Today, people no longer need others to make their decisions for them. There is a wisdom that emerges from crowds when technology is used properly to ensure its release.
Conceptually, we need to scrap our belief that we need to organize ourselves into command-and-control pyramids and begin to organize ourselves into something we already belong -- intelligent networks.
In other words, let's use the organizational structure that gives rise to human intelligence as the organizing principle to guide our social lives. The human brain, the organ at the very core of our existence, embodies a network structure. Indeed, our very sense of being in the world emerges from a neural network interacting with the other systems of the body where no command and control center exists. All human experience arises from the interaction of the brain's and the body's component parts.
Like the neurons in the brain, humans can function similarly. Deciding yes or no are the human equivalents of a neuron being turned on or off. Just as intelligence emerges from the pattern of which neurons are turned on or off, the same can be said of the intelligence that arises from a veritable democratic assembly in which the participants simply vote yes or no to the motions presented to the assembly.
Importantly, the work of a democratic assembly deliberating in terms of a network logic does not experience the same limitations imposed by the physical constraints of time and place experienced by a traditional elected body. In short, a virtual assembly can have its members carry on the work 24/7. Working documents are easily posted and people can participate in smaller groups through the use of applications and in larger groups via webcasting. In such a context, having the financial means to liberate oneself from the time it takes to earn a living is no longer a prerequisite to meaningful participation in the political process. Today, those with limited means no longer need the well off to represent them, which is a good thing since the immediate interests of these two groups seldom coincide.
For the most part and for most of the time, political power should reside primarily with the polis, a group of citizens who live in close proximity to each other and who consequently share a common concern about the quality of life to be had in their locality. Concerns of a greater scale, the well-being of the network of networks, and of a longer time period, what we would like to happen in the future, can still be deliberated by representatives, but there is no need to transfer the sovereignty of the local network to a single individual who will decide on behalf of his or her constituents. Modern technology allows for decisions made at the level of the local network of citizens to work their way upwards in concertation with other local networks very rapidly in a manner that mimics the way the brain functions.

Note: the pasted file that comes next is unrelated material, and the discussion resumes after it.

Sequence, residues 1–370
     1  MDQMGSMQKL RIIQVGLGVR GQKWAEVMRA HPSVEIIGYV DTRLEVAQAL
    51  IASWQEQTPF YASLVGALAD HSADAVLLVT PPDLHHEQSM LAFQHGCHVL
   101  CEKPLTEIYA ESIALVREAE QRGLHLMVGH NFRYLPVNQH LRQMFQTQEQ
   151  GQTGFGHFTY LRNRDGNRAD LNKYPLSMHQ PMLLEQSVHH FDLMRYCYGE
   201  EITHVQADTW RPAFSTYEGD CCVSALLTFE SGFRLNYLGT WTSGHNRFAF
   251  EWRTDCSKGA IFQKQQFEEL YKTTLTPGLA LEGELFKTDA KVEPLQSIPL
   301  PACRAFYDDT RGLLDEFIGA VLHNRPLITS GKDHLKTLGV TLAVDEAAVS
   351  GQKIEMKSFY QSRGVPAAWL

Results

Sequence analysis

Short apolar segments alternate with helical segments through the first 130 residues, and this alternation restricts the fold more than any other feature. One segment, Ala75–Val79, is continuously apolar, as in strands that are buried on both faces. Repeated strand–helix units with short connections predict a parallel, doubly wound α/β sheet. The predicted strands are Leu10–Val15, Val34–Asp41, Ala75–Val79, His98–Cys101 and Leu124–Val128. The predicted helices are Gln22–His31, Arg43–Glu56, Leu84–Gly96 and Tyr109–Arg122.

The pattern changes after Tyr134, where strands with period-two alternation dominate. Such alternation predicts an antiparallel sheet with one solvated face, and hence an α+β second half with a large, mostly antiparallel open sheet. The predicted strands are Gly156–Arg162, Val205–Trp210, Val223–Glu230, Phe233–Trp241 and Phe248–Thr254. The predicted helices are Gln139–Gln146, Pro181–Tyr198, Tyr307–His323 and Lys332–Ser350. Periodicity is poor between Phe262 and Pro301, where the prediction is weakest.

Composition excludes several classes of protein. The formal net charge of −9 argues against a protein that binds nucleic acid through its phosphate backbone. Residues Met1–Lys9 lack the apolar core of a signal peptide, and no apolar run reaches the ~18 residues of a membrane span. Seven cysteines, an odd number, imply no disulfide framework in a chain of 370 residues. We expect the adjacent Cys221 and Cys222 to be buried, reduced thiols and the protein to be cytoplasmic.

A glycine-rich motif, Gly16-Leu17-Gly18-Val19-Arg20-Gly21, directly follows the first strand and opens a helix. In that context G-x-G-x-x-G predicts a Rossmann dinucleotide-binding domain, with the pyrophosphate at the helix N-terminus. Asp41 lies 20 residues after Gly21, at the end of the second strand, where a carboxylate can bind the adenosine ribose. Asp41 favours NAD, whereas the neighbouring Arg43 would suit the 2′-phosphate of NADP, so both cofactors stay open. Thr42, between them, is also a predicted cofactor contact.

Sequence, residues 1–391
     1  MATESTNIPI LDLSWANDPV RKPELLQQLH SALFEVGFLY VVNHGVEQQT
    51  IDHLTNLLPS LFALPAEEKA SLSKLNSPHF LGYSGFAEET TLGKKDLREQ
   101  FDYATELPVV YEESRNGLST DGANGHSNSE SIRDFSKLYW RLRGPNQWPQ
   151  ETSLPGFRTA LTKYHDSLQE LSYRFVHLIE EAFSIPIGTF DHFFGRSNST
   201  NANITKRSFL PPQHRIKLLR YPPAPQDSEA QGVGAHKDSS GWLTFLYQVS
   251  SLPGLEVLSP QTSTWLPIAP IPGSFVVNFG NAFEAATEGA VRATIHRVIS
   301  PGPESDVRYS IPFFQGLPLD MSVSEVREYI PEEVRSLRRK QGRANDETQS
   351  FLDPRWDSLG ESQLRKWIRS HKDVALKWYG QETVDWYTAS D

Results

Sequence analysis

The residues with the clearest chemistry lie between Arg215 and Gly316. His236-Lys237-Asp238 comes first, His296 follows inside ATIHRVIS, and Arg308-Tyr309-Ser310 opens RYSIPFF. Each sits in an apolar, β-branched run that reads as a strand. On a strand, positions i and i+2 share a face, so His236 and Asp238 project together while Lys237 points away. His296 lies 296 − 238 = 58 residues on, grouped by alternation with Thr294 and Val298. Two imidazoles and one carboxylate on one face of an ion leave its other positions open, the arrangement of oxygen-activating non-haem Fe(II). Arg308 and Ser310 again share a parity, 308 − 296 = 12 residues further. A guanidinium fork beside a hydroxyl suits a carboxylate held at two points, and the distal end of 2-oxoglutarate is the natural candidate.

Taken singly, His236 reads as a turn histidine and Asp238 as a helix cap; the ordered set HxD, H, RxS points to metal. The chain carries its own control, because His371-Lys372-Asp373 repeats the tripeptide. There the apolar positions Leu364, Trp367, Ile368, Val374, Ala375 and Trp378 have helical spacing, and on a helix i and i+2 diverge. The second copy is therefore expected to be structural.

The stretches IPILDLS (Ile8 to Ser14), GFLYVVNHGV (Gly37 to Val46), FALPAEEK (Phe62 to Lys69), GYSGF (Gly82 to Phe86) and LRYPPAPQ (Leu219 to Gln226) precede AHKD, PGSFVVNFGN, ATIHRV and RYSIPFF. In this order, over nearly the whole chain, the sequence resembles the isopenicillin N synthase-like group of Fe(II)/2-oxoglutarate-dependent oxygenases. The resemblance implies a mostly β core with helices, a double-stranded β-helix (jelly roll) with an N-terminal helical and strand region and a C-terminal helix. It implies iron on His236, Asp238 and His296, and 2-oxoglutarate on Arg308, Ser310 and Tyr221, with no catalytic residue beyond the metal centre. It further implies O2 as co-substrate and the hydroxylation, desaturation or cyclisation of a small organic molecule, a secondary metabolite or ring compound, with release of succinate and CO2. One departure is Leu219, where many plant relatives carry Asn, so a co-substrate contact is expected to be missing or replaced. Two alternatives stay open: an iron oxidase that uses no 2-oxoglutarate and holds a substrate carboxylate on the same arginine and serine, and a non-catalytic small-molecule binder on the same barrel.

Of course, the motivation for implementing a network structure of governance is to harness the collective intelligence of the people in order to advance the common good. As a result, those who are interested in accumulating wealth have no interest in seeing such a model of governance come about. The model represents the antithesis of the wealth extraction normally found at the heart of all empires. It goes against the immediate self interest of the elites who seek at all costs to obtain and maintain a disproportional share of a nation's wealth.
Therein lies the challenge. Presently, the existing political structures are designed to perpetuate themselves and the privileges that they confer to the elites that control them. To bring about the necessary organizational changes to bring about a network form of governance requires people that are willing and able to disperse political power to the masses and to safeguard the integrity of the new political process from those who would try to coop it for their own benefit.
It's a tall order, one that is totally out of the realm of possibility for the English-speaking nations. Perhaps, a late bloomer, a nation recently liberated from its colonial past and that believes strongly in the advancement of the common good could make it happen.